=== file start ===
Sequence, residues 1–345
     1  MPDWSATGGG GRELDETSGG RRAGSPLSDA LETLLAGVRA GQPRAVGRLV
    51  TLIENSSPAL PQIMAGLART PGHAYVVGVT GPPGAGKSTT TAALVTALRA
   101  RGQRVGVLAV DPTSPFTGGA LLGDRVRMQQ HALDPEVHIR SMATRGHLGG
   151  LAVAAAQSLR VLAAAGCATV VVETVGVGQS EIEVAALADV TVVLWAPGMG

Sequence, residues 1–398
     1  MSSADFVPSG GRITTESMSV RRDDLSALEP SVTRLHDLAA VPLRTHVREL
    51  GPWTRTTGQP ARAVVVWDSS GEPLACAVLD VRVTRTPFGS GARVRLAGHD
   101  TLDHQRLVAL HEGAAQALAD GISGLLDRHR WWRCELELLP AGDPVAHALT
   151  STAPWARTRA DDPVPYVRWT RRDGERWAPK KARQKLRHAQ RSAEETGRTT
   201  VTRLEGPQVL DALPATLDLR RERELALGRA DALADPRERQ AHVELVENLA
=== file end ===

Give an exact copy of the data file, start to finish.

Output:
Sequence, residues 1–345
     1  MPDWSATGGG GRELDETSGG RRAGSPLSDA LETLLAGVRA GQPRAVGRLV
    51  TLIENSSPAL PQIMAGLART PGHAYVVGVT GPPGAGKSTT TAALVTALRA
   101  RGQRVGVLAV DPTSPFTGGA LLGDRVRMQQ HALDPEVHIR SMATRGHLGG
   151  LAVAAAQSLR VLAAAGCATV VVETVGVGQS EIEVAALADV TVVLWAPGMG

Sequence, residues 1–398
     1  MSSADFVPSG GRITTESMSV RRDDLSALEP SVTRLHDLAA VPLRTHVREL
    51  GPWTRTTGQP ARAVVVWDSS GEPLACAVLD VRVTRTPFGS GARVRLAGHD
   101  TLDHQRLVAL HEGAAQALAD GISGLLDRHR WWRCELELLP AGDPVAHALT
   151  STAPWARTRA DDPVPYVRWT RRDGERWAPK KARQKLRHAQ RSAEETGRTT
   201  VTRLEGPQVL DALPATLDLR RERELALGRA DALADPRERQ AHVELVENLA